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1. Name & class of drug – generic and trade name.

GENERIC NAME: Heparin Sodium

BRAND NAME: Hepalean, Heparin Sodium Lock flush solution, Hep-Lock, Lipo-Hepin, Liquaemin Sodium
CLASSIFICATION: Blood formers, coagulators, and anticoagulants

2. Dose range and routes for adult & geriatric client.

PREPARATIONS: IV/SC – (10, 100, 1000, 2000, 5000, 10,000, 20000, 40000) units/ml injections

DOSING: Thromboembolism – IV – 5000 U bolus dose, then 20,000 – 40,000 U infused over 24 h, dose adjusted to maintain
desired APTT or 5000 – 10,000 U IV piggyback q 4 – 6 h
SC – 10,000 – 20,000 U followed by 8000 – 20,000 U q 8 – 12h
Open heart surgery – IV – 150 – 300 U/kg
Prophylaxis of Embolism – SC – 5000 U q 8 – 12 h

3. Purpose prescribed. Underline reason your client is prescribed drug.

THERAPEUTIC EFFECTS: exerts direct effect on blood coagulation (clotting) by enhancing the inhibitory actions of
antithrombin III on several factors essential to normal blood clotting, thereby blocking the conversion of prothrombin to
thrombin and fibrinogen to fibrin.

USES: prophylaxis and Tx of venous thrombosis and pulmonary embolism and to prevent thromboembolic complications
arising from cardiac and vascular surgery, frostbite, and during acute stage of MI. Also used in Tx of disseminated
intravascular coagulation (DIC), atrial fibrillation with embolization, and as anticoagulant in blood transfusions, estracorporeal
circulation, and dialysis precedures

4. Major side effects & drug interactions.

DRUG INTERACTIONS: may prolong PT, which is used to monitor therapy with oral anticoagulants; aspirin, NSAIDs
increase risk of bleeding; nitroglycerin IV may decrease anticoagulant activity; protamine antagonizes effects of heparin.
HERBAL INTERACTIONS: feverfew, ginkgo, ginger, valerian may potentiate bleeding

SIDE EFFECTS: transient thrombocytopenia, fever, chills, urticaria, pruritus, skin rashes, itching and burning sensation of feet,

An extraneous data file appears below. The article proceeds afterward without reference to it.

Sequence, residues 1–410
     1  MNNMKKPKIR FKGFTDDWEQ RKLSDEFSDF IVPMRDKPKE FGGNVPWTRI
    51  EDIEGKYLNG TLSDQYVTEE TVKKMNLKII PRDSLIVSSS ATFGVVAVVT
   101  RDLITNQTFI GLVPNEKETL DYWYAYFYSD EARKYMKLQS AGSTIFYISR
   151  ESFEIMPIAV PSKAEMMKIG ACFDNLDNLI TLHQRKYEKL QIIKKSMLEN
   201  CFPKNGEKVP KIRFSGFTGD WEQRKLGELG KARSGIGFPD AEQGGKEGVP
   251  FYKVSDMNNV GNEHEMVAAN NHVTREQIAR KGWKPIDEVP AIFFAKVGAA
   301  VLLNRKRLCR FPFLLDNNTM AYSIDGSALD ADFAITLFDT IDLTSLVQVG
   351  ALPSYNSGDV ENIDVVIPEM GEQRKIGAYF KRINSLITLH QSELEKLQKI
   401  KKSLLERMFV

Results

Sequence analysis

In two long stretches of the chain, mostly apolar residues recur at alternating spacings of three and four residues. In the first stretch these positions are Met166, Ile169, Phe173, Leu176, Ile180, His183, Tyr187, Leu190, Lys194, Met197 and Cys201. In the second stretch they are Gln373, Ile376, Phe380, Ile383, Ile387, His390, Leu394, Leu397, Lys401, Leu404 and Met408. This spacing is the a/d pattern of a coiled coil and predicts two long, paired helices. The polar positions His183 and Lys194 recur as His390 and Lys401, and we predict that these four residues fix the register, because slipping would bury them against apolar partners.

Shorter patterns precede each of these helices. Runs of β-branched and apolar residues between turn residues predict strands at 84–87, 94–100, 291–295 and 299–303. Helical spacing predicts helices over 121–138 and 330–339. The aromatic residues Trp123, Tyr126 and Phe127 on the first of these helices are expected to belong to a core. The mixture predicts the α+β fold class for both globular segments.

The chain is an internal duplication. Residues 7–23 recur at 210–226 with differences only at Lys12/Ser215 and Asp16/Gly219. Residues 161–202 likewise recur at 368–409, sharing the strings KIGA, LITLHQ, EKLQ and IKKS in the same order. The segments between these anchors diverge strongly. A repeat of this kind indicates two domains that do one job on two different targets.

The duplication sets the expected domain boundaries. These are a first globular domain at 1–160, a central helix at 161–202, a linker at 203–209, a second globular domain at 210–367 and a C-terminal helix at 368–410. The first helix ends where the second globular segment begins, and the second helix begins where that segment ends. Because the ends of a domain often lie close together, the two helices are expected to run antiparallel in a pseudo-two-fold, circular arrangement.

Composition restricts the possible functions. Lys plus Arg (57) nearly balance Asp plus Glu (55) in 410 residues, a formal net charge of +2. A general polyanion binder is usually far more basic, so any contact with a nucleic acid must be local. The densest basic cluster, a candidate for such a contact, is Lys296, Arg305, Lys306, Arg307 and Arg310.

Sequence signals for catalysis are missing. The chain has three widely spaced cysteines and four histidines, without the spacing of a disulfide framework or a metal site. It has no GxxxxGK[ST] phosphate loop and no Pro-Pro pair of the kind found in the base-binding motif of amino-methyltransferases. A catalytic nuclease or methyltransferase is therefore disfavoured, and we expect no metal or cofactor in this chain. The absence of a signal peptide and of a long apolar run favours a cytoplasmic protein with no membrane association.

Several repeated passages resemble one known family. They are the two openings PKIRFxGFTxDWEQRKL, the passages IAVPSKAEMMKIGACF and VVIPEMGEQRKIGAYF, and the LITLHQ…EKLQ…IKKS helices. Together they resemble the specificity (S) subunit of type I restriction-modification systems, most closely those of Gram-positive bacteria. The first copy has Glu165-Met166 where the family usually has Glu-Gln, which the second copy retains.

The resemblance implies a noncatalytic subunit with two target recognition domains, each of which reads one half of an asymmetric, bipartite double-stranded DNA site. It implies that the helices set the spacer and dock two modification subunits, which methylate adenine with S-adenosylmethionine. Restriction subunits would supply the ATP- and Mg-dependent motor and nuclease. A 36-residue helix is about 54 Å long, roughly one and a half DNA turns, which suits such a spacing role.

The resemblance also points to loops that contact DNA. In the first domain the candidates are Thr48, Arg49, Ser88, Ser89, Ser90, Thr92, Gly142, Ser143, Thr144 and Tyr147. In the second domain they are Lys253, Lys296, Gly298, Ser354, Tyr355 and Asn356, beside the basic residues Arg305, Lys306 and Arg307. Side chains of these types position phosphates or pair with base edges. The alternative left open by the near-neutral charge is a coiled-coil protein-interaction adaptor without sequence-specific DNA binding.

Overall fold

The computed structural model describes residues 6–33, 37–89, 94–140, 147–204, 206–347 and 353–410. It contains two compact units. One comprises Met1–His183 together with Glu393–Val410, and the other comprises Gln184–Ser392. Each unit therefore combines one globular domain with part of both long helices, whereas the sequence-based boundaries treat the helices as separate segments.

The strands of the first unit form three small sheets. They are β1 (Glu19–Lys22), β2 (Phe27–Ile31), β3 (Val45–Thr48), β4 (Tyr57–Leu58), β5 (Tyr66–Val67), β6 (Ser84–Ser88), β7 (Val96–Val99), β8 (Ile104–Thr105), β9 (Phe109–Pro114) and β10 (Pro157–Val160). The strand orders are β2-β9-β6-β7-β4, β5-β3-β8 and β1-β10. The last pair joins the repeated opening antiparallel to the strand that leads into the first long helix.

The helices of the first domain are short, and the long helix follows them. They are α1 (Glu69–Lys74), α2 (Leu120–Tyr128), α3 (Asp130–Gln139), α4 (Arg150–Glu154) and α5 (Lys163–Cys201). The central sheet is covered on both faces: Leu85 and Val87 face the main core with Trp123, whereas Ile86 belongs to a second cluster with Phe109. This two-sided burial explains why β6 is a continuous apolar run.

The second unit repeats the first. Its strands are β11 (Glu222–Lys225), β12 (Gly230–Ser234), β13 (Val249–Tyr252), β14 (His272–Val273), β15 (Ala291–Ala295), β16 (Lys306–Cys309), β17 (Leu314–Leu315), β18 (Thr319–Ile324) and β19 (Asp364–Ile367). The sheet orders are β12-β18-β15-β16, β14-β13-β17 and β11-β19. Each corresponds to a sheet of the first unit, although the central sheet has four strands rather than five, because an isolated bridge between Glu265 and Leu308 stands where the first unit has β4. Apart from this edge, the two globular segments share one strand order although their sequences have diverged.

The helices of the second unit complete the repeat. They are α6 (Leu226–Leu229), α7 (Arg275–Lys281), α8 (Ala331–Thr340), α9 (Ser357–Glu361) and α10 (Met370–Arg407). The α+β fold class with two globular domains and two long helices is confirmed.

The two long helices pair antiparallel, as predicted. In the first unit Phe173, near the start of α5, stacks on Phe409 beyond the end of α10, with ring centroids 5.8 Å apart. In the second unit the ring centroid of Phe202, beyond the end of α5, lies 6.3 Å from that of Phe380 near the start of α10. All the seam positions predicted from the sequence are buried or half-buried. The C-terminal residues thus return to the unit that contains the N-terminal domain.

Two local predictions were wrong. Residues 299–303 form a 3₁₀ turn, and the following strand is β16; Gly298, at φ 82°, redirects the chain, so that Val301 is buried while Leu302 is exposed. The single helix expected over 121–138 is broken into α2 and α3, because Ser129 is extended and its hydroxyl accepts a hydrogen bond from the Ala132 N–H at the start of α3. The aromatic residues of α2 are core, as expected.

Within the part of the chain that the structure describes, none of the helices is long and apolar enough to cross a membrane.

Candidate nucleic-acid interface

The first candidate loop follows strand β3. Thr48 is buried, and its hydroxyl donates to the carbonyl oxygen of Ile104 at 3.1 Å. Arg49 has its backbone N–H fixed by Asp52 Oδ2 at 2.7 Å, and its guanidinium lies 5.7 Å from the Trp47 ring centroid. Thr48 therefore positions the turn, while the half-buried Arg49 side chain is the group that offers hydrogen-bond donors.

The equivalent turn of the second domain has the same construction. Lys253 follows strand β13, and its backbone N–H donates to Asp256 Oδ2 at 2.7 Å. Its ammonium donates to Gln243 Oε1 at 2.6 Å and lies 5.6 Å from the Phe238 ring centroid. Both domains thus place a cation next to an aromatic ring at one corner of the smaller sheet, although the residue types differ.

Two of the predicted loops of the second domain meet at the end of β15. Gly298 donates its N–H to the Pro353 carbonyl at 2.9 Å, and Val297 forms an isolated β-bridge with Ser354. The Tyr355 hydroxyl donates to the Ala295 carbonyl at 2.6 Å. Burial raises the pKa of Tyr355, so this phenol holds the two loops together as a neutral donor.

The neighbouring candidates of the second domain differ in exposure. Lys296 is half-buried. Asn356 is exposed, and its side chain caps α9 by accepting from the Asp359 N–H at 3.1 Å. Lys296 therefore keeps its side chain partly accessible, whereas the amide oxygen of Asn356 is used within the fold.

numbness, tingling of hands and feet, elevated BP

5. Nursing Implications & teaching.

• Baseline blood coagulation tests, Hct, Hgb, RBC and platelet counts prior to initiation or therapy and at regular intervals
throughout therapy
• Monitor APTT levels closely
• Draw blood for coagulation tests 30 min before each scheduled SC or intermittent IV dose and approximately q4h for
pts receiving continuous IV heparin during dosage adjustments period. After dosage is established, tests may be done
once daily
• Pts vary widely in their reaction to heparin; risk of hemorrhage appears greatest in women, all patients > 60 y, and
patients with liver disease or renal insufficiency.
• Monitor vitals, report fever, drop in BP, rapid pulse and other S&S of hemorrhage
• Observe all needle sites daily for hematoma and signs of inflammation
• Have on hand protamine sulfate, specific heparin antagonist

• Protect from injury and notify Dr of pink, red, dark brown or cloudy urine, red or dark brown vomitus; red or black
stools, bleeding gums or oral mucosa; ecchymoses, hematoma, epistaxis, bloody sputum; chest pain; abdominal or
lumbar pain or swelling; unusual increase in menstrual flow; pelvic pain; severe or continuous headache, faintness, or
• Menstruation may be somewhat increased and prolonged;
• Learn correct technique for SC admin if discharged from hospital on heparin
• Engage in normal activities such as shaving with a safety razor in the absence of a low platelet count.
• Alcohol and smoking may alter the response to heparin and are not advised
• Do not take aspirin or any other OTC meds without the Dr approval